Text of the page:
Study: Organic Dairy and Meat Improves Quality of Mothers’ Breast Milk

US - A new study, published in the British Journal of Nutrition, showed that organic dairy and meat products in a mother’s diet positively affect the nutritional quality of her breast milk—markedly increasing beneficial fatty acids.
calendar icon 25 July 2007
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Specifically, a diet in which 90% or more of dairy and meat products are organic is correlated with measurably higher levels of conjugated linoleic acid (CLA). CLA is a type of fat that is believed to have anti-carcinogenic, anti-atherosclerotic, anti-diabetic and immune-enhancing effects, as well as a favorable influence on body fat composition. For newborns specifically, CLA is believed to especially aid immune system development.

“These findings provide scientific support for common sense, by showing that organic foods are healthier,” says Dr. Lukas Rist, who is the lead author of the study and the head of research at the Paracelsus Hospital in Switzerland. The study involved 312 breastfeeding women with 1-month old infants from the Netherlands.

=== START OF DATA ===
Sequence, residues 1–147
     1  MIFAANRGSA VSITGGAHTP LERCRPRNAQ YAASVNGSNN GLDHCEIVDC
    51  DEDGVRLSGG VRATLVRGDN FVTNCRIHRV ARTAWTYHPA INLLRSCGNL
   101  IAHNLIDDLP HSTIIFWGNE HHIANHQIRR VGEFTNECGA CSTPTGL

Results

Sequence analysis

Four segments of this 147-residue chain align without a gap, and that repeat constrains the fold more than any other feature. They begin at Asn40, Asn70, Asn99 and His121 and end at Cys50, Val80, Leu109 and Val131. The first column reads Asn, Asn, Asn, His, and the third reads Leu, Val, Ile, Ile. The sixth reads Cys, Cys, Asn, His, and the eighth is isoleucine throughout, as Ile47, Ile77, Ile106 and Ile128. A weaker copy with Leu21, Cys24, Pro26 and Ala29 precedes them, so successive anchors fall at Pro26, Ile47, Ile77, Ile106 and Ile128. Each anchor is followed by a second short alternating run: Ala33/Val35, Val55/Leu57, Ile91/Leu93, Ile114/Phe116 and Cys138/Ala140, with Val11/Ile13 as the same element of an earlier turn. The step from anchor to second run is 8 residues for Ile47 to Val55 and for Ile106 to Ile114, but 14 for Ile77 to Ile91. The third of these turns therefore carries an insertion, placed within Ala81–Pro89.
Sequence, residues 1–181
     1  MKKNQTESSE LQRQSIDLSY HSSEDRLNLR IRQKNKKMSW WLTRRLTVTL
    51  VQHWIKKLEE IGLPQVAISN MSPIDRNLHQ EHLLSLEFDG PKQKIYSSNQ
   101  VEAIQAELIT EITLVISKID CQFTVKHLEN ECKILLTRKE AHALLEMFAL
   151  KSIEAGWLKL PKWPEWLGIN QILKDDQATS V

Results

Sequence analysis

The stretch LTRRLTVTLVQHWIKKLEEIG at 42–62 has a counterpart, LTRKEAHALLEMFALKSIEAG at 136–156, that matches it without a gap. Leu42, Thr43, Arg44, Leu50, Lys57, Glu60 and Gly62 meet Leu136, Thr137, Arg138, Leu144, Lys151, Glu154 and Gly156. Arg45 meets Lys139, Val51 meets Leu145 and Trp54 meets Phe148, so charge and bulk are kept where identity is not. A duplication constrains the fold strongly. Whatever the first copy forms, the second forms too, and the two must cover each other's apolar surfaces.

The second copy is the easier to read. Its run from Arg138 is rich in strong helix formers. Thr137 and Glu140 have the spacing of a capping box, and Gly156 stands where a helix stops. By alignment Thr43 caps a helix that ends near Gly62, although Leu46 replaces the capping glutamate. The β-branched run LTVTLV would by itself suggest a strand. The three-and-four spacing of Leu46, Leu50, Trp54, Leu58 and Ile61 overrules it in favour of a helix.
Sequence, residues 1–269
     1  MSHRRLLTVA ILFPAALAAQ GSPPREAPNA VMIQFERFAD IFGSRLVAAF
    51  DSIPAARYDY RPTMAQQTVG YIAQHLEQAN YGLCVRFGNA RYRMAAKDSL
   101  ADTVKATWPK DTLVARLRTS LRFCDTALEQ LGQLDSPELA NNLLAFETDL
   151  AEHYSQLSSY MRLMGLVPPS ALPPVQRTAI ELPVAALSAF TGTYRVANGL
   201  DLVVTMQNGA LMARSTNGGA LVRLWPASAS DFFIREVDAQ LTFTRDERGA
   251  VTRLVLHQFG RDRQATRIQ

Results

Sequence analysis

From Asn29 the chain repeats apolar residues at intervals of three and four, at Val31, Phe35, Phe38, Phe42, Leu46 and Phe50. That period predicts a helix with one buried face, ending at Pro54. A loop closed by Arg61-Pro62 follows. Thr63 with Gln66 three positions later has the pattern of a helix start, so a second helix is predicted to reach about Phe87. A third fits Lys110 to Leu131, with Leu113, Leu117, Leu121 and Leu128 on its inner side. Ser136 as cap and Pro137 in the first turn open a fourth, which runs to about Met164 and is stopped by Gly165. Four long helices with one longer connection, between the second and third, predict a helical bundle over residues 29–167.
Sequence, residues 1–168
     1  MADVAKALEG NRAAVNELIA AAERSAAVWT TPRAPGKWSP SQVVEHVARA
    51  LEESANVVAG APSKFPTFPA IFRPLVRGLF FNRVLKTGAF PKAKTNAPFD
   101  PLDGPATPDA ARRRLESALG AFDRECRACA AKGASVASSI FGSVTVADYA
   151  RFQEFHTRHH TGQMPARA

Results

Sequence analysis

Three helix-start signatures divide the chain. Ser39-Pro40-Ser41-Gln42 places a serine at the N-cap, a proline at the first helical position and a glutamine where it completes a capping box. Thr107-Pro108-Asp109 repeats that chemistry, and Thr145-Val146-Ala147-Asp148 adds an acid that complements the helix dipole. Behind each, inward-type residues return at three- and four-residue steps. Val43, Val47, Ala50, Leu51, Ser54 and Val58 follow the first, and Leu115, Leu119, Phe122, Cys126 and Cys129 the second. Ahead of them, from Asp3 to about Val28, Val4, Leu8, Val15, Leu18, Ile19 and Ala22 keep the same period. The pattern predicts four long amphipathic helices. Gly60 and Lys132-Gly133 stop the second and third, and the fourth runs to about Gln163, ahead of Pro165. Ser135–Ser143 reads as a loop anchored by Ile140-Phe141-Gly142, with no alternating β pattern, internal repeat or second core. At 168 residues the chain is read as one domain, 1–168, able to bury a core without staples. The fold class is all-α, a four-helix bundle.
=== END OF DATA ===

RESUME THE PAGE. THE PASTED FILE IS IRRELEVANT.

“The study shows that breastfeeding mothers can influence the supply and quality of fatty acids for their infants, by eating a diet with organic dairy,” adds Rist.

Other recent studies add support to the growing body of evidence that organic foods offer measurable nutritional benefits. Cows that acquire most of their nutrition from grazing pasture have been shown to produce milk with decreased levels of saturated fat—the “bad” type of fat—and increased concentrations of unsaturated fatty acids and CLA—the “good” types of fat.

Source: Common Dreams
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